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Coonhounds: Temperament, Personality, And Characteristics

Written by Ella White

Updated

Bluetick coonhound chilling in garden

Bringing home a new dog? One of the most important things to know about your chosen breed is that their personality will suit yours. Dogs each have their own unique personality, but all breeds have their defining characteristics that most of its dogs will share. 

So if you’ve settled on a coonhound – whether it's a Black And Tan, a Bluetick, or an American English you’ll need to know that their temperament is a good match for your family.

All breeds of Coonhound share a history as hunting dogs. As its name suggests, they were originally bred to hunt raccoons as well as deer, opossums, and even bears and mountain lions. As such they have a strong working instinct that makes them better suited to experienced owners who have already trained and lived with calmer and less active breeds.

It’s important for Coonhounds to be trained out of their hunting instincts, which can otherwise make them hard to control. They are single-minded and stubborn in their pursuit of prey, and need an owner that can act not just as a companion but as the leader of their pack, taking control when they begin their chase of smaller animals.

When not on the hunt, Coonhounds are affectionate, devoted, and charming. They love to relax in the house, but aren’t suited to small apartments as they need plenty of space and access to the outdoors. This breed also has a tendency to make a baying or bawling sounds which is especially disruptive in under-stimulated dogs. Owners of Coonhounds should be prepared to keep them highly active both mentally and physically.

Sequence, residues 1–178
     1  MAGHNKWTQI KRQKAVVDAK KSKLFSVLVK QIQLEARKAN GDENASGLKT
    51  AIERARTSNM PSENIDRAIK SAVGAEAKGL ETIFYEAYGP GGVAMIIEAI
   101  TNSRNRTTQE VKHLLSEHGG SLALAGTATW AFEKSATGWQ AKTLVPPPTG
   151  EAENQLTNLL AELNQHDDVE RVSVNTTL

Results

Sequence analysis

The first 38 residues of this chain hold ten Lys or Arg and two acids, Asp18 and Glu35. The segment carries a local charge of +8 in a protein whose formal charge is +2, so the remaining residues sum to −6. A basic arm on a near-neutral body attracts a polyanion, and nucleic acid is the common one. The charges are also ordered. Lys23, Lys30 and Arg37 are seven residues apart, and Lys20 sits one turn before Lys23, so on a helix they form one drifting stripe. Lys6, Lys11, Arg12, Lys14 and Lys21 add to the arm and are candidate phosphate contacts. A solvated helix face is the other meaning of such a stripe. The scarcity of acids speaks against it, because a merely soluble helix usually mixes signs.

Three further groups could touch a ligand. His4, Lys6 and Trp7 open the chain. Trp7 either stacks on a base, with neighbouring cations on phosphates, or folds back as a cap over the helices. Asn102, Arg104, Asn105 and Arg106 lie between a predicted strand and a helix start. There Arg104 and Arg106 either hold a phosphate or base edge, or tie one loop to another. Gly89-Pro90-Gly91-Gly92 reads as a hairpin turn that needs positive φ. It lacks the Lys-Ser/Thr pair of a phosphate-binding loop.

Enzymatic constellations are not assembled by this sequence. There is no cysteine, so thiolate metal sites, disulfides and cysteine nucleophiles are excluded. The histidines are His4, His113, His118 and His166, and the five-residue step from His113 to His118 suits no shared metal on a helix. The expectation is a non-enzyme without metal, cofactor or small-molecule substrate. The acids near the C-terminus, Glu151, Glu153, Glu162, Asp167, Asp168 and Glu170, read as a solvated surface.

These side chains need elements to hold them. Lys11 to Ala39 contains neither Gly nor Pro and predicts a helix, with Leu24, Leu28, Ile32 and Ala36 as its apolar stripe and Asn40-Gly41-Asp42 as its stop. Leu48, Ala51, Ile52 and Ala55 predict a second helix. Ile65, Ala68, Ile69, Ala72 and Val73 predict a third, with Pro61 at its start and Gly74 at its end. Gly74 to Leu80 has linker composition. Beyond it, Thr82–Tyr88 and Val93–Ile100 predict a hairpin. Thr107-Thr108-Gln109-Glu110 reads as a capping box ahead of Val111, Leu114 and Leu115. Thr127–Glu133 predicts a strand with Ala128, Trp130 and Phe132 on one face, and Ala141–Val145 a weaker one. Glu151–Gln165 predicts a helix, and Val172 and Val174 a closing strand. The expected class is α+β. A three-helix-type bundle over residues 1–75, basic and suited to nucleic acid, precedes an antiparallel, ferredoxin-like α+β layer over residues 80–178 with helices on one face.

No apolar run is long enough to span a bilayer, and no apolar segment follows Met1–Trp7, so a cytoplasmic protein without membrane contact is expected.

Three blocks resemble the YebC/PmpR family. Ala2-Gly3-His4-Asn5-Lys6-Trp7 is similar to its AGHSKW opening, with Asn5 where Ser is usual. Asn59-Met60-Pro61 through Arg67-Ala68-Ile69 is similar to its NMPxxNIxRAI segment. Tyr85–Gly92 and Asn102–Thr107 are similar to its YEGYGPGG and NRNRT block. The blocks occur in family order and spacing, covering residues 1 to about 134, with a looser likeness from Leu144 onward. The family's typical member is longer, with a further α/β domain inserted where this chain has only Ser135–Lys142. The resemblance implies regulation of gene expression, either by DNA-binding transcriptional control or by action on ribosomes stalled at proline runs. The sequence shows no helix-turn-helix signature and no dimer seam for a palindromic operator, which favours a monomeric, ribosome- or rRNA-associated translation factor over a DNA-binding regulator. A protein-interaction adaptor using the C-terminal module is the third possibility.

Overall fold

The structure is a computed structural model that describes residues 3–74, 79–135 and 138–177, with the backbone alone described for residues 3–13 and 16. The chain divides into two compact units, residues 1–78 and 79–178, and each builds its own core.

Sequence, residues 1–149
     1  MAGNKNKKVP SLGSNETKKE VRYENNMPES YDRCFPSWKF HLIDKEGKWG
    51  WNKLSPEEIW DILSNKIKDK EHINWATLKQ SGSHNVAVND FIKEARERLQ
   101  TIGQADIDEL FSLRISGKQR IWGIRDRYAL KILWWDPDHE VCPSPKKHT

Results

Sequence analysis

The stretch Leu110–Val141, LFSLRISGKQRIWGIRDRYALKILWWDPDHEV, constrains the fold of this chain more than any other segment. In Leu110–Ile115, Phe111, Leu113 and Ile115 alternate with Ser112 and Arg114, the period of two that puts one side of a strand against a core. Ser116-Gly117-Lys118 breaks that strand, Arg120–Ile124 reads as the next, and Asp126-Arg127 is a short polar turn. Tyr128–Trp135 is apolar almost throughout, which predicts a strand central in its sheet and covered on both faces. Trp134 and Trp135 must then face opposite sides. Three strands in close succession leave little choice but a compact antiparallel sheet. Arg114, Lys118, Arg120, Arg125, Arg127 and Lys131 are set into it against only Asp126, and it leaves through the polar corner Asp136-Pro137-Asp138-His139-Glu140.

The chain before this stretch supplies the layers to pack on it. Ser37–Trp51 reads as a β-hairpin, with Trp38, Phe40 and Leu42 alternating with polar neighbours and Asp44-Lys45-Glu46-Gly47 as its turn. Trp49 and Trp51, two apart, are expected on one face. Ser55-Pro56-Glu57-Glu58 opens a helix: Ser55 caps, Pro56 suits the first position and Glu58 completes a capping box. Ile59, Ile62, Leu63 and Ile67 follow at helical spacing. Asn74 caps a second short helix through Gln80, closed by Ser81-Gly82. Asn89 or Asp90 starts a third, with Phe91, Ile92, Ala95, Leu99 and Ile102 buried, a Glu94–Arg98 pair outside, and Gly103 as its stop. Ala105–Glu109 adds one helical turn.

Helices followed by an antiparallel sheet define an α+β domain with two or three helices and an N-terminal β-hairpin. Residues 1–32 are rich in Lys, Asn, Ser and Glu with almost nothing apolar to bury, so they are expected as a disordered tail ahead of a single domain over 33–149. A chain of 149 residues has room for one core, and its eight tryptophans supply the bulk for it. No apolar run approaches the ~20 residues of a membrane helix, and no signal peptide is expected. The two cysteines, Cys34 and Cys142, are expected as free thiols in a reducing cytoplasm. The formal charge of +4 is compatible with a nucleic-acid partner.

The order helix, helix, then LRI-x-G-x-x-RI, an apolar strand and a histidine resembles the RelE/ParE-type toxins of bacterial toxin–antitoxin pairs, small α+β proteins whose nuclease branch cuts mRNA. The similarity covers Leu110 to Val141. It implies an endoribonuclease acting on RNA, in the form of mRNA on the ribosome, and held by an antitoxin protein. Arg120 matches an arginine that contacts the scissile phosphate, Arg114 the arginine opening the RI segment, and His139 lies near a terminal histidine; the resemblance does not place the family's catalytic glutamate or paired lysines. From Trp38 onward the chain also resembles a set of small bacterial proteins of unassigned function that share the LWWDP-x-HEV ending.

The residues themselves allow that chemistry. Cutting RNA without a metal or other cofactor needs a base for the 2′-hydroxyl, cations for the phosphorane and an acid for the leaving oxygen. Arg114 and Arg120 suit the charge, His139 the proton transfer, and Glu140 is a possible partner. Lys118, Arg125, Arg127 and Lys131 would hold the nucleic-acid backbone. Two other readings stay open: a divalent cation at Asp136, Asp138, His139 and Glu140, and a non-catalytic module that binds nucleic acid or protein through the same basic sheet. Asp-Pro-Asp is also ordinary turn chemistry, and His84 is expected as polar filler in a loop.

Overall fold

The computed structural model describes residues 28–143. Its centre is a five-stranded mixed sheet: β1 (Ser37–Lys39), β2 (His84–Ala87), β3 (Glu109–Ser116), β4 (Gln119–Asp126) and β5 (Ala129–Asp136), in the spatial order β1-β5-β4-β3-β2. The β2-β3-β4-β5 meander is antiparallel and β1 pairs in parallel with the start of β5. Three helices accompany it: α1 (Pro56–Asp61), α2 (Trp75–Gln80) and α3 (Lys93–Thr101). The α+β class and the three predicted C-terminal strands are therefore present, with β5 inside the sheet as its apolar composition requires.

Coonhounds are loyal, intelligent, and strong-minded. But they are also loyal to their leader, responsive, and independent. Though their intelligence makes their training easier, their independence can have negative effects on their obedience. If they catch a scent, it can be hard to break their focus as they chase it.

When stimulated, the Coonhound is a happy dog and their howling is not always an indication of anxiety or unhappiness. They howl as they hunt as a way to mark their prey has gone up a tree or into a burrow, and they might make this same baying ‘music’ at home – which could annoy the neighbors if you live in close proximity to others.

At home, your Coonhound will probably be happy to relax in the shade for hours on end. But access to an enclosed outdoor space that they can explore at their leisure is recommended to keep their craving for the hunt at bay.

It’s generally recommended that Coonhounds are always kept on-leash as once their nose detects a scent, it can be very difficult for owners to regain control of them as they dash. Even the best-trained and most obedient Coonhound may not be able to ignore their prey drive when a scent comes along.

In terms of grooming, they should only need to be brushed now and then to keep their coat in good condition. However, as with all floppy-eared breeds, regular checking and cleaning of the folds in their ears is recommended to prevent oil build up, infections, and foreign bodies getting trapped in the skin. They can develop a ‘doggy’ odor if not bathed frequently enough.

If you’re a very active family that has the energy and time to keep up with one of the most active dog breeds around, you might be a good match for a Coonhound. The breed gets on well with other animals and people, is easy to groom and care for and is laid-back when at home. 

But when you’re out of the house, the Coonhound becomes a trickier pet for those who can’t accommodate its high energy and exercise needs. Bored and under-stimulated they can become destructive, and when they’re out on the explore they can be prone to selective deafness and extreme stubbornness.

But for families that love to spend time outdoors and are always keeping active, a Coonhound should fit into their lifestyle with ease.